Life on Earth depends on oxygen, and sunlight is what produces that oxygen. But researchers found a common, ocean-dwelling bacteria that broke all the rules.
Nitrosopumilus maritimus and several of its cousins, called ammonia-oxidising archaea (AOA), have been found to be able to survive in dark, oxygen-depleted environments by producing oxygen on their own. The way they do it is via a biological process that's never been seen before.
Although it's known that these microbes can live in oxygen-poor environments, we don't know what they do there - and how they stay alive. That's why this study was done.
"These guys are really abundant in the oceans, where they play an important role in the nitrogen cycle," says microbiologist Beate Kraft, from the University of Southern Denmark.
"For this they need oxygen, so it has been a long-standing puzzle why they are also very abundant in waters where there is no oxygen. We thought, do they just hang out there with no function? Are they some kind of ghost cells?"
Every fifth cell in a bucket of seawater will be one of these organisms - that's how common they are. In this case, the researchers removed the microbes from their natural habitat and moved them to the lab to take a closer look at what would happen when all the available oxygen was gone, and there was no sunlight to produce new oxygen. The same scenario happens when N. maritimus moves from oxygen-rich to oxygen-depleted waters.
What they found was something unexpected: the microorganisms produced their own oxygen to create nitrite, with nitrogen gas (dinitrogen) as a by-product.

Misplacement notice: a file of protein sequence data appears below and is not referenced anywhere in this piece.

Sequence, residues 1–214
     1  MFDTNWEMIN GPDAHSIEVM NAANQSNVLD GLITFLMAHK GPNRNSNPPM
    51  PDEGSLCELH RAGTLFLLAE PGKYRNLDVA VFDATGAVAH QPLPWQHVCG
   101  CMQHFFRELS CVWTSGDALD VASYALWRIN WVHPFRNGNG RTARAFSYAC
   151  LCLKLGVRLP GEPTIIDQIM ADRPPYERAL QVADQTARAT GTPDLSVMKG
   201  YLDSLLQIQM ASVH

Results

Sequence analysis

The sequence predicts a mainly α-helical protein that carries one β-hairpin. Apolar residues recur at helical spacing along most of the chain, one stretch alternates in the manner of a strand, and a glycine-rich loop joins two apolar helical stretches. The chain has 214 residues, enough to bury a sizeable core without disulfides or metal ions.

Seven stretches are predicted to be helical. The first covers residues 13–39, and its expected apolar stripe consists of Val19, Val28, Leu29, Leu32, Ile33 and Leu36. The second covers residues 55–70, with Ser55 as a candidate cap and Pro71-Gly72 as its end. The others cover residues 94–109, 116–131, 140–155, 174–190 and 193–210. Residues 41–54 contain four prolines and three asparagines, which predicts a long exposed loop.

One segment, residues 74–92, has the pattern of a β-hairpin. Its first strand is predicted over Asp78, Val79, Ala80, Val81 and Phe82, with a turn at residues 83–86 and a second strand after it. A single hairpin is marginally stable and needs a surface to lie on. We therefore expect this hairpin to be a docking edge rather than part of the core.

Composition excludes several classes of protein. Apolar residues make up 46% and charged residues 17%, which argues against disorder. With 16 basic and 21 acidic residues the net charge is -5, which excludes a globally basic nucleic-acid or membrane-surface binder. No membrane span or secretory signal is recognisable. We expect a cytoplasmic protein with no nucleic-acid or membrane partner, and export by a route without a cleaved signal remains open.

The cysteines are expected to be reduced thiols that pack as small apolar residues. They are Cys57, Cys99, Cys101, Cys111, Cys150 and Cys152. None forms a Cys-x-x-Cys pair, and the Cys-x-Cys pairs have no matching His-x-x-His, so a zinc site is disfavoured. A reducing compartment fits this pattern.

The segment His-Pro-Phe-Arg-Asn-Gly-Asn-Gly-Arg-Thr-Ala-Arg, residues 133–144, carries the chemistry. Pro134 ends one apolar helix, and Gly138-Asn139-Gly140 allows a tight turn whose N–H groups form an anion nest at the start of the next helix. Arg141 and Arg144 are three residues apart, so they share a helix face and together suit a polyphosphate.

"We saw how they used up all the oxygen in the water, and then to our surprise, within minutes, oxygen levels started increasing again," says geobiologist Don Canfield, from the University of Southern Denmark. "That was very exciting."
Currently, the researchers aren't sure how the microbes do this, and the amount of oxygen produced appears to be relatively small (just enough for them to survive), but it does seem different from the oxygen production without sunlight that we already know about.
What the new pathway does show is that the oxygen production from N. maritimus gets linked to its production of gaseous nitrogen. In an oxygen-depleted environment, the microbes are converting ammonia (NH3) into nitrite (NO2-) for energy.
Consequently, they must create their own oxygen, which the team detected along with traces of nitrogen gas (N2).
A new wrinkle in the nitrogen cycle, which supports all ecosystems, comes from this process of removing bioavailable nitrogen from the environment. The findings may have far-reaching consequences, and that needs to be looked into more.
"If this lifestyle is widespread in the oceans, it certainly forces us to rethink our current understanding of the marine nitrogen cycle," says Kraft.
"My next step is to investigate the phenomenon we saw in our lab cultures in oxygen-depleted waters in various ocean spots around the world."